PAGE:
And the orphaned mother who has grieved in vain
Upon the tomb looks to the silent skies
And feels their white light on her sorrow shine;
The third stanza changes up the flow a bit. It continues in iambic pentameter but there are only three lines now – in a cde lack of rhyme.
If we have been imagining a romantic love, the introduction of the orphaned figure suggests we ought to have considered a maternal love swoon instead. If Virgil is to be the father of Rome, is orphaned Troy the mother? The theme of loneliness is reinforced by the orphaned mother and her grief.
It is clear that we are still in smoldering Troy upon the tombs. The silent shies are full of ghosts. But there is some glory to the fallen as white light upon her sorrow shines.
Meanwhile the mountains laugh, and the far-off main,
And through the lofty trees a fresh wind sighs:
Such is thy verse to me, Poet divine!
This stanza exactly repeats the meter and rhyme scheme of the third stanza just as the second stanza exactly repeated that of the first stanza. There is a shift in tone, however. The mountains laugh. Could they be the seven hills of Rome? All roads lead to the far-off main?
Although it brings a sigh, an echo of the murmur of the first stanza, it is a fresh wind that blows. It can fill the sails that lead on to Rome at last. The wind is also the wind of inspiration – not just for Virgil, Poet divine (with a capital P), but for Carducci as well.
Structure and Form
This poem is indeed a sonnet, and it is the type of sonnet that is called a Petrarchan sonnet. The Petrarchan sonnet is an Italian form, but it is not classical. It was developed during the Renaissance. Sonnets have fourteen lines. Unlike other sonnet forms which end in a heroic couplet after three stanzas of four lines, the Petrarchan sonnet ends with two stanzas of three lines which are technically one stanza called the sextet (set of six). The two stanzas of four lines that proceed them are technically one stanza as well called the octet (set of eight).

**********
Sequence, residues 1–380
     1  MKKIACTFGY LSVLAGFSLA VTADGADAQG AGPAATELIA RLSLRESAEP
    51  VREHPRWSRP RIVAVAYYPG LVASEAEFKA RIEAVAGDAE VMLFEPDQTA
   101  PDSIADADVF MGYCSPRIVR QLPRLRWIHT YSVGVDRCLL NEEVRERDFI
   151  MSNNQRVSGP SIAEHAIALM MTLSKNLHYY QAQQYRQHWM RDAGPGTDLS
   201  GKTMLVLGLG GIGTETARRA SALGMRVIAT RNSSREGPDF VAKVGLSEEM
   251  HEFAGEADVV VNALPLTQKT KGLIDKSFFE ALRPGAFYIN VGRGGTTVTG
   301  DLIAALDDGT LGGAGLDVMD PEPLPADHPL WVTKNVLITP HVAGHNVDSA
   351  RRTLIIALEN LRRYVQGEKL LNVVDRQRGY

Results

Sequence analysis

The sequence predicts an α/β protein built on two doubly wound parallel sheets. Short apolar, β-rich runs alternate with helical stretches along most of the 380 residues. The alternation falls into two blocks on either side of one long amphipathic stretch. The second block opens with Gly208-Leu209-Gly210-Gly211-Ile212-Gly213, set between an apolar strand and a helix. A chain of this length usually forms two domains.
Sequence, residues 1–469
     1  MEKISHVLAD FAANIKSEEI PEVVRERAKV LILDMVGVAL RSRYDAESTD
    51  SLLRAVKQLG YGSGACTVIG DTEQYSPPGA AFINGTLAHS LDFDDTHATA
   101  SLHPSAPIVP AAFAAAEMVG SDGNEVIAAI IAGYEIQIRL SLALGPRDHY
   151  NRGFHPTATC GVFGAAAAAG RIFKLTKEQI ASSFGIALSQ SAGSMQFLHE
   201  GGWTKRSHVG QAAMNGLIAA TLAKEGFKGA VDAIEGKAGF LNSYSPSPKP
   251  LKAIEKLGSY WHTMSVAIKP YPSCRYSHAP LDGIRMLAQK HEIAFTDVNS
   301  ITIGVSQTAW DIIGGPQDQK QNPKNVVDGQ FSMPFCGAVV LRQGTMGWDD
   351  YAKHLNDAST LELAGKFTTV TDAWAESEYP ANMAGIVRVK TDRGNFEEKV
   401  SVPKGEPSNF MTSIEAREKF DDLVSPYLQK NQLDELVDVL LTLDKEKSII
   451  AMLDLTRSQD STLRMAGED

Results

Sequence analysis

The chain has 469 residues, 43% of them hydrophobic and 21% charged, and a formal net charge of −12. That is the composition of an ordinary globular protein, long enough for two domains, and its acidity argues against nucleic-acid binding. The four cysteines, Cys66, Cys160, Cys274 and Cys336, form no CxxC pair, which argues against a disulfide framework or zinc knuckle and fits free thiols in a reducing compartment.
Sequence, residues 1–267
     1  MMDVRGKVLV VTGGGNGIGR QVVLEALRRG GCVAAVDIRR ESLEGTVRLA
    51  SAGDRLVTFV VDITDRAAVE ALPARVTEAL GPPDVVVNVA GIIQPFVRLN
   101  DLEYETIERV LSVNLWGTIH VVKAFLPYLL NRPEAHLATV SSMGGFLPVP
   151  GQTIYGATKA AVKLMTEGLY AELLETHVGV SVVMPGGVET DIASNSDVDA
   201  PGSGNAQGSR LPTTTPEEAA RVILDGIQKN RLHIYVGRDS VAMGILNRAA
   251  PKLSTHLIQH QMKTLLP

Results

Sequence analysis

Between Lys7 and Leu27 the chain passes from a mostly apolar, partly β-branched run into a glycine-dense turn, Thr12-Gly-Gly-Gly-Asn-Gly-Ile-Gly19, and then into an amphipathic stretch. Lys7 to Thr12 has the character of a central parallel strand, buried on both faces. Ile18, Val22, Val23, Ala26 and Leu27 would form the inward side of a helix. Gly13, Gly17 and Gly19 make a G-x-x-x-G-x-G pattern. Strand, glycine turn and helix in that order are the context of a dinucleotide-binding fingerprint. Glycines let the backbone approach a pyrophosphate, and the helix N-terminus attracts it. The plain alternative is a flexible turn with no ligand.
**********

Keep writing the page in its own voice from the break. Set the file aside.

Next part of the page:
The two stanzas of “Virgil” then would have the rhyme scheme abbaabba (octet) followed by cdecde (sextet). There is often a shift in tone and theme between the octet and the sextet which is called the volta, or the turn. In “Virgil” the volta actually takes place in the middle of the sextet after what we have called the third stanza, another reason we have preferred this division.
Carducci clearly loved the Petrarchan sonnet form for poems of praise. He also wrote a Petrarchan sonnet in honor of “Homer” in abababab cdedce form. He chose this form over the more classical elegiac couplets. He even used the Petrarchan sonnet in his praise of “Dante” rather than use tersa rima as Dante himself preferred.
Yes, for instance in Odi Barbare, he writes:
“The forests feel thee and with a cool shiver awake;
Up soars the falcon flashing in eager joy. Meanwhile amid the wet leaves mutter the garrulous nests,
And far off the grey gull screams over the purple sea.”
Yes, for instance in Odi Barbare, he writes: The dead are saying: “Blessed are ye who walk along the hillsides Flooded with the warm rays of the golden sun. “Cool murmur the waters through flowery slopes descending. Singing are the birds to the verdure, singing the leaves to the wind.”
Yes, for instance in Odi Barbare, he writes: I hate the accustomed verse. Lazily it falls in with the taste of the crowd, And pulseless in its feeble embraces Lies down and sleeps. For me that vigilant strophe Which leaps with the plaudits and rhythmic stamp of the chorus, Like a bird caught in its flight, which Turns and gives battle.